The United States introduced daylight saving time as a wartime measure in March 1918 and then again during World War II, but repealed it after the wars ended. Some states and cities liked the extra hour of sunlight’s effect on businesses and continued the practice. In 1966, the Uniform Time Act established a U.S. daylight saving time calendar, allowing states to opt out, and the Energy Policy Act of 2005 then extended DST by several weeks.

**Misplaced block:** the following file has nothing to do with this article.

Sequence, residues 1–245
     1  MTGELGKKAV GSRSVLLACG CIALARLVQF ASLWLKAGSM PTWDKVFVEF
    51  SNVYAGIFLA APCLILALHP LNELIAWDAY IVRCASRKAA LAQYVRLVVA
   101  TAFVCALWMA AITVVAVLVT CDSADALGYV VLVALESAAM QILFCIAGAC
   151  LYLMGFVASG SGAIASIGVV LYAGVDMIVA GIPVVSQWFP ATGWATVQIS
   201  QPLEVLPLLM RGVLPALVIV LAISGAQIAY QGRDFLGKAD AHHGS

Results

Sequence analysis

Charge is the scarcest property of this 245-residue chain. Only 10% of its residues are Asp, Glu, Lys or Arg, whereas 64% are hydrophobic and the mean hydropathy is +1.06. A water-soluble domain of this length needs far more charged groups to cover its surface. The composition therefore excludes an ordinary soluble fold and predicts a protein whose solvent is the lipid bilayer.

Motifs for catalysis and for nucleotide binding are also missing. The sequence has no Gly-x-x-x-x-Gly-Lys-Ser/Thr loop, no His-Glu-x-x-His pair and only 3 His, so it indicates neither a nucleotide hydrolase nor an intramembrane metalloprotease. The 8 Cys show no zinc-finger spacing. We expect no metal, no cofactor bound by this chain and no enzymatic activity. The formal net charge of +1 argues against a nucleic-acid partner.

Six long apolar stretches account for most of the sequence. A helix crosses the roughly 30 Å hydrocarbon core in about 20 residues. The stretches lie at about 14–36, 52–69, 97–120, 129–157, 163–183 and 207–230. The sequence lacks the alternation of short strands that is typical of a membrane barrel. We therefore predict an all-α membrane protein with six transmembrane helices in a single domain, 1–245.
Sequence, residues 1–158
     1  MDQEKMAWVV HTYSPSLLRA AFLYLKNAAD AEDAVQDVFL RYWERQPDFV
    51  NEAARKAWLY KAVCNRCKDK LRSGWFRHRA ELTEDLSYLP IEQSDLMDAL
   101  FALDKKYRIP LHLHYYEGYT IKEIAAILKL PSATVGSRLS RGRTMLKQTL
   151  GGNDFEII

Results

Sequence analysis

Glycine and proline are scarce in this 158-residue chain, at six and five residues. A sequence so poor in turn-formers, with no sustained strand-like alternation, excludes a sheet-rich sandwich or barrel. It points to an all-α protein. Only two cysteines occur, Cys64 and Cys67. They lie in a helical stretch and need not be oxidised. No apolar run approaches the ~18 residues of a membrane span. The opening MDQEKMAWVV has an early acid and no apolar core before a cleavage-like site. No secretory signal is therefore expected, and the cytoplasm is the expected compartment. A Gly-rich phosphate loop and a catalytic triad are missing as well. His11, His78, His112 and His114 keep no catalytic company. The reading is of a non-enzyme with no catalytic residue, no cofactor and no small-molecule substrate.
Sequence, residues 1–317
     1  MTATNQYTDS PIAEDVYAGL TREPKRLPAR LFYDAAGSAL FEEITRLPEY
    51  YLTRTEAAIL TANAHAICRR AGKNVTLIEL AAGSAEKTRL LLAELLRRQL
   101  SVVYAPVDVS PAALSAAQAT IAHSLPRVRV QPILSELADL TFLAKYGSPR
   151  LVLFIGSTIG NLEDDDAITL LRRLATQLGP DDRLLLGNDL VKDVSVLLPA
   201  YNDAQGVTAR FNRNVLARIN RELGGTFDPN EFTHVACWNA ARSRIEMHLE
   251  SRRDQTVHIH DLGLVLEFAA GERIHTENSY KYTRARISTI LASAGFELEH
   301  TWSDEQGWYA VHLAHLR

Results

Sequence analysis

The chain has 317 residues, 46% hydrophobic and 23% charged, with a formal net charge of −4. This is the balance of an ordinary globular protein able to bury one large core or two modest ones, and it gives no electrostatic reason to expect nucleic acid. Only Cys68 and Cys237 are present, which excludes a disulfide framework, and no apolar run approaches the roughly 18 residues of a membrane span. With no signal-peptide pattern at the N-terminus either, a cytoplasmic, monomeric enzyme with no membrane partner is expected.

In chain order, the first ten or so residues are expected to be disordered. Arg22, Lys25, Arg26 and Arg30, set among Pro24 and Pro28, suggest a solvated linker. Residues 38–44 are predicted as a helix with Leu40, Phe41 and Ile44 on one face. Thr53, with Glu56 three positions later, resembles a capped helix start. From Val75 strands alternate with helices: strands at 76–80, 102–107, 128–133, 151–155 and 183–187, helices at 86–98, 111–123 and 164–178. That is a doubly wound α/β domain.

While energy conservation is touted as a reason for DST, research doesn’t appear to support it. In 2010, Yale University’s Matthew Kotchen and University of California-Santa Barbara’s Laura Grant concluded that increased heating and cooling costs associated with the time change more than offset electricity savings on lighting.
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